The Library of Congress > Linked Data Service > LC Name Authority File (LCNAF)

Nation of Islam (Chicago, Ill.)


  • URI(s)

  • Instance Of

  • Scheme Membership(s)

  • Collection Membership(s)

  • Variants

    • NOI
    • ONOI
    • Original Nation of Islam
    • Umat ha-Islam (Chicago, Ill.)
    • אומת האיסלאם
  • Additional Information

  • Related Terms

  • Closely Matching Concepts from Other Schemes

  • Sources

    • found: The secret relationship between Blacks and Jews, c1991- :v. 1, t.p. (Nation of Islam)
    • found: Encyclopedia of American religions, 1994(Nation of Islam is the name of four factions which broke away from American Muslim Mission in late 1970s and resumed the earliest name of that group. The headquarters of the four groups are: Chicago, Detroit, Atlanta, and the fourth currently unknown, but its chief mosque is in Baltimore. Chicago group headed by Louis Farrakhan)
    • found: Luʼis Faraḳan, Umat ha-Islam ṿeha-Yehudim, 1966.
    • found: A nation can rise no higher than its women, 2014:ECIP t.p. (African American women in the Nation of Islam, 1950-1975) ECIP data view (the Original Nation of Islam) ECIP ch. 1 (the original Nation of Islam; Nation of Islam; ONOI [used throughout]; NOI)
    • found: Religious myths and visions of America, 2009, viewed online Dec. 20, 2013:p. 125 (during his first 3 years as leader of the Nation of Islam, Wallace Muhammad gradually renounced the teachings of his late father and converted a number of former members of the Nation into traditional Muslims, then changed the Nation's name to the American Muslim Mission; in 1977 Farrakhan left the American Muslim Mission, taking several thousand followers with him, and reestablished the Nation of Islam under the name, the Original Nation of Islam; the Nation of Islam's influence reached its peak with the Million Man March in 1995 under NOI leader Louis Farrakhan; Farrakhan finally led a transition of the NOI back to traditional Islam when he reconciled with Warith Deen Mohammed in Feb. 1999, but today the Nation of Islam still maintains a distinct Black national identity, and has never disclaimed its Black nationalist myths)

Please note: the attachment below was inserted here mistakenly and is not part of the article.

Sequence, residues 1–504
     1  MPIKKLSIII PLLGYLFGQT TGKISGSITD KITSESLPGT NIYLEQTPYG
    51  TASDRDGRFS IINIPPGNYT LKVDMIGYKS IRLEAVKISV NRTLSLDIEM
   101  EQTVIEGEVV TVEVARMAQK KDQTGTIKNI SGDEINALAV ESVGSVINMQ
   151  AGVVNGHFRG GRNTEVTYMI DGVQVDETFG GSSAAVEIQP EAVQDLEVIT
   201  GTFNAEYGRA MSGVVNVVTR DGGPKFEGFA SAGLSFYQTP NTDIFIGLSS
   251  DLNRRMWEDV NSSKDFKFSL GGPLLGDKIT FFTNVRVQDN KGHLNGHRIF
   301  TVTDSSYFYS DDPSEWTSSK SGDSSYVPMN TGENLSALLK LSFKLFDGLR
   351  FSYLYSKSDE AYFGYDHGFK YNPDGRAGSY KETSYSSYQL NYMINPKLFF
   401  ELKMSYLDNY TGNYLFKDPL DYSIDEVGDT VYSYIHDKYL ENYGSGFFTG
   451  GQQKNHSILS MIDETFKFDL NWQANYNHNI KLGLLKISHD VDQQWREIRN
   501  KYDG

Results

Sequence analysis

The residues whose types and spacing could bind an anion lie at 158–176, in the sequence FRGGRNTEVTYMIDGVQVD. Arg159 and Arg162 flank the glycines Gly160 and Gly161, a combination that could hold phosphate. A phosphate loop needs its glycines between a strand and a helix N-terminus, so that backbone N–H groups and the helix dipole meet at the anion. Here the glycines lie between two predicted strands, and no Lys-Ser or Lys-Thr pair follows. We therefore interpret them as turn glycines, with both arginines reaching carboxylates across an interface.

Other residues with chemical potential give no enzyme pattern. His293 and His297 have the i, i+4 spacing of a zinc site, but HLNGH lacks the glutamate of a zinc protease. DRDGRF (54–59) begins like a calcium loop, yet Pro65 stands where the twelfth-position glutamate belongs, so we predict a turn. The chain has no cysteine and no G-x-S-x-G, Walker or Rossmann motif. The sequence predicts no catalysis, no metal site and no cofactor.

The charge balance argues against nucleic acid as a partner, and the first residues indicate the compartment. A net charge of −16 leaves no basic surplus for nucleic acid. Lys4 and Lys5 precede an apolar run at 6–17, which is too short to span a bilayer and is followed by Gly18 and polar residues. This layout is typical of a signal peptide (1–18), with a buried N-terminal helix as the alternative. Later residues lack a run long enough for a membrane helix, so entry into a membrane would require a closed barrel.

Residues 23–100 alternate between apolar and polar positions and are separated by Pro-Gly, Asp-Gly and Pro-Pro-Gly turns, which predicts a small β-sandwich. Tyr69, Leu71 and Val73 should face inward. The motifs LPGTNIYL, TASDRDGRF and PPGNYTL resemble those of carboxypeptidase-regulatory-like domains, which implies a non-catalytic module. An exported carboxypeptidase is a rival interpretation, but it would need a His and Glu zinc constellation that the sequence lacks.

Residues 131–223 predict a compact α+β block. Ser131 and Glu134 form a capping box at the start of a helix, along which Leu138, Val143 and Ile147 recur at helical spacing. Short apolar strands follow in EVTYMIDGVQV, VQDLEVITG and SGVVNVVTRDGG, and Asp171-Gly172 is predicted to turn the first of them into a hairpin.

• found: Britannica academic edition website, viewed Dec. 20, 2013(Louis Farrakhan; leader from 1978 of the Nation of Islam; joined Nation of Islam in 1955; protégé of Malcolm X at Temple No. 7 in Harlem; appointed head minister of Boston Temple No. 11; the Nation of Islam fragmented after Elijah Muhammad's death in Feb. 1975; Farrakhan led a breakaway group in 1978 which he also called the Nation of Islam)
    • found: Nation of Islam website, viewed Dec. 20, 2013:home (Nation of Islam; NOI; location, Chicago)
    • found: Wikipedia, Dec. 20, 2013(Nation of Islam (NOI); founded in Detroit July 1930; in 1977 Louis Farrakhan rejected Warith Deen Mohammed's leadership and re-established the Nation of Islam on the original model; he took over their headquarter Temple, Mosque Maryam (Mosque #2), located in Chicago (national hdq.), and regained many of the Nation of Islam's original properties; most of the members are in the U.S., but also in other countries incl. Canada, the U.K., France, Jamaica, and Trinidad & Tobago; currently there are over 130 NOI temples throughout the world)
    • found: Southern Poverty Law Center website, viewed Dec. 19, 2013(Nation of Islam (NOI); location, Chicago; ideology, black separatist; founded in Detroit ghettos in 1930 by Wallace D. Fard (Farad Muhammad) and his "messenger" and successor, Elijah Muhammad; considered insignificant throughout the 1930s-1940s; had meteoric rise in membership in the 1950s-1960s, founded businesses and educational ventures; when leader Elijah Muhammad died in 1975, his son Wallace Deen Muhammad (later Imam Warithuddin Muhammad) attempted to dismantle the Nation's material empire and bring NOI into mainstream Islam; in 1977 Louis Farrakhan rebelled and declared the creation of a "resurrected" NOI based on the original ideology of Elijah Muhammad; at the head of the new NOI he rebuilt an empire)
  • Editorial Notes

    • [Machine-derived non-Latin script reference project.]
    • [Non-Latin script reference not evaluated.]
  • Change Notes

    • 1995-04-11: new
    • 2016-01-27: revised
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